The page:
Inferring network structure in non‐normal and mixed discrete‐continuous genomic data

Inferring network structure in non‐normal and mixed discrete‐continuous genomic data IntroductionWith rapid advances in high‐throughput genomic technologies using array and sequencing‐based approaches, it is now possible to collect detailed high‐resolution molecular information across the entire genomic landscape at various levels. The data can be genetic (e.g., mutations or single neucleotide polymophisms), genomic (e.g., expression levels of messenger RNA and microRNA), epigenomic (e.g., DNA methylation) or proteomic (e.g., protein expression). The interrelations among these data provide key insights into the etiology of many diseases, including cancer. Statistically, the question of uncovering the major modes of multivariate interactions in genomic data can be phrased in terms of inferring a conditional independence graph. A unifying feature of these genomics problems is that the number of parameters far exceeds the sample size. Therefore, a multivariate sparse Gaussian graphical model is commonly applied to analyze the conditional independence structure (see, e.g., Lauritzen, ; Meinhausen and Bühlmann, ; Carvalho et al., ; Friedman et al., ; Bhadra and Mallick, ; Feldman et al., ). Given this high‐dimensional setting, the purpose of the current article is to study multivariate interactions in two important situations where a Gaussian graphical model is inappropriate. These are (i) when the data are continuous, but display non‐normal features such as heavy http://www.deepdyve.com/assets/images/DeepDyve-Logo-lg.png Biometrics Wiley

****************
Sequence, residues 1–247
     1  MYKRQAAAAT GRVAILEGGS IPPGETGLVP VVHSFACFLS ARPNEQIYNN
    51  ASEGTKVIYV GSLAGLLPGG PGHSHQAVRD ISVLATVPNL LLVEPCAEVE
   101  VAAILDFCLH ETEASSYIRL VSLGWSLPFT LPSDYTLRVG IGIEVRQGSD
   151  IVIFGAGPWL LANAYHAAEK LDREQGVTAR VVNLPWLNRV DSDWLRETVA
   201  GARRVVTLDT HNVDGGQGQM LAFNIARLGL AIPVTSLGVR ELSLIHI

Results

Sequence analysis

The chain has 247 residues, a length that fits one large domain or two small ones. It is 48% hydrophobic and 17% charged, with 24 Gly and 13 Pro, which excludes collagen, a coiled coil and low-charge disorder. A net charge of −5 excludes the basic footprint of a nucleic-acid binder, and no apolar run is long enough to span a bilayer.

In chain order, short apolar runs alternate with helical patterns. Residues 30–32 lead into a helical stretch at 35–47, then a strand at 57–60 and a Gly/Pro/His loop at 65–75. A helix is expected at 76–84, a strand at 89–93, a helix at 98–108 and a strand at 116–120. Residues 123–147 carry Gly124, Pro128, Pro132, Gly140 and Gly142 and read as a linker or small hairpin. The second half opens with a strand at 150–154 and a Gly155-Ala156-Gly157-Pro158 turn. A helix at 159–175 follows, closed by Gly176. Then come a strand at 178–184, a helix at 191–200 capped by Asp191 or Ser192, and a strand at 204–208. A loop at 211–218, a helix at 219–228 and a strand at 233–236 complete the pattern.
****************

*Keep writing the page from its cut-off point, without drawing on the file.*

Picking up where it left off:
Inferring network structure in non‐normal and mixed discrete‐continuous genomic data

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Publisher
Wiley Subscription Services, Inc., A Wiley Company
Copyright
© 2018, The International Biometric Society
ISSN
0006-341X
eISSN
1541-0420
D.O.I.
10.1111/biom.12711
Publisher site
See Article on Publisher Site

Abstract

IntroductionWith rapid advances in high‐throughput genomic technologies using array and sequencing‐based approaches, it is now possible to collect detailed high‐resolution molecular information across the entire genomic landscape at various levels. The data can be genetic (e.g., mutations or single neucleotide polymophisms), genomic (e.g., expression levels of messenger RNA and microRNA), epigenomic (e.g., DNA methylation) or proteomic (e.g., protein expression). The interrelations among these data provide key insights into the etiology of many diseases, including cancer. Statistically, the question of uncovering the major modes of multivariate interactions in genomic data can be phrased in terms of inferring a conditional independence graph. A unifying feature of these genomics problems is that the number of parameters far exceeds the sample size. Therefore, a multivariate sparse Gaussian graphical model is commonly applied to analyze the conditional independence structure (see, e.g., Lauritzen, ; Meinhausen and Bühlmann, ; Carvalho et al., ; Friedman et al., ; Bhadra and Mallick, ; Feldman et al., ). Given this high‐dimensional setting, the purpose of the current article is to study multivariate interactions in two important situations where a Gaussian graphical model is inappropriate. These are (i) when the data are continuous, but display non‐normal features such as heavy

Journal

BiometricsWiley

Published: Jan 1, 2018

Keywords: ; ; ; ; ;

References

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